Research today leads to advanced treatment options for children who need transplant in the future. Children’s Mercy leads and participates in research to advance care for rare conditions through our Center for Pediatric Genomic Medicine, our expertise in clinical pharmacology through our Experimental Therapeutics in Cancer program, and our role as the pediatric partner in the NCI-designated University of Kansas Cancer Center.
Children’s Mercy has played a significant role in the development of chimeric antigen receptor therapies for children and young adults. We supported early development of the technology and were one of only a few institutions with open clinical trials of CAR technology beginning in 2010.
Between 2010 and 2015, Dr. Gary D. (Doug) Myers led a study of CAR T-cell infusions targeting GD2 in patients with neuroblastoma after allogeneic stem cell transplant. Since then, he has built collaborations with other regional institutions that are working to improve upon CAR technology in patients with high risk solid tumors. We are also developing other forms of cellular immunotherapies for patients with aggressive cancer.
As innovators and collaborators in the field of cellular therapies, the teams at Children’s Mercy are advancing the care of children with the most difficult-to-treat cancers.
Transplant and cellular therapy proceduresin 2018
Children’s Mercy offers innovative treatment BMT and cellular therapies to successfully treat leukemia, brain tumors, Hodkin and non-Hodkin lymphoma, and other cancer diagnoses, as well as rare and non-malignant diseases.
Kymriah treatment for B-cell ALL
Children’s Mercy is proud to offer Kymriah (tisagenlecleucel) treatment to qualifying patients with multiply relapsed or refractory pre-cursor B-cell ALL. Kymriah is CD19-directed genetically-modified autologous t-cell immunotherapy.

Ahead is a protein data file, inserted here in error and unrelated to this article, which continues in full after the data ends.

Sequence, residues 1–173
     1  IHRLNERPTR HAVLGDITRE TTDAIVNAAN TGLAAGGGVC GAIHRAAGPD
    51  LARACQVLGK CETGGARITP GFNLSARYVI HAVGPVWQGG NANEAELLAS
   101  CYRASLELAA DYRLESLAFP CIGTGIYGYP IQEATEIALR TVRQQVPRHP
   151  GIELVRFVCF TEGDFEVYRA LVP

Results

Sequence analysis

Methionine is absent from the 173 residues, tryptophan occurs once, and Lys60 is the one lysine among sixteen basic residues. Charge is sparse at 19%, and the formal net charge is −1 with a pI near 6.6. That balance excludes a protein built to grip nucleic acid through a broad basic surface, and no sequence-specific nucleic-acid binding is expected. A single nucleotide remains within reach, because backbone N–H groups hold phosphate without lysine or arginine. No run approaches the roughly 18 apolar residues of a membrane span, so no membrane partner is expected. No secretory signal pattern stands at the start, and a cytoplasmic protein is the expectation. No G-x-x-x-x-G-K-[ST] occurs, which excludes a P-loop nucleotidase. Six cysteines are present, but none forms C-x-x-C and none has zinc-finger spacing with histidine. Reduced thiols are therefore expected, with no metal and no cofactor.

We’ve put together a team of physicians and health care professionals to guide your family through the complicated process of Kymriah manufacture and infusion. While this process requires a great deal of precision and coordination, our staff is experienced in the field of chimeric antigen receptor (CAR) therapies. You can be confident that your child’s care is in the best hands.
We can also help you with additional support and resources, such as housing arrangements while you’re away from home.
Leading the way in CAR therapies for children
Dr. Myers was Children’s Mercy’s lead site investigator during the study of Kymriah. As a steering committee member for the pivotal multi-institutional, international study of Kymriah in pediatric patients, Dr. Myers and his team were excited for the possibilities when Kymriah therapy received FDA approval in late 2017.
New treatment for SCID
The states of Missouri and Kansas test all newborns for a severe immune system defect. This defect is called severe combined immunodeficiency, or SCID. SCID is a pediatric emergency. It can cause a life-threatening infection in infants.
SCID is traditionally treated with a bone marrow transplant. If the infant receives the transplant in the first 3.5 months of life, the survival rate can be as high as 94 percent.
Children’s Mercy is the only hospital in the region to offer patients with SCID a new treatment option. This new treatment is called a mini-transplant. It can treat and cure SCID.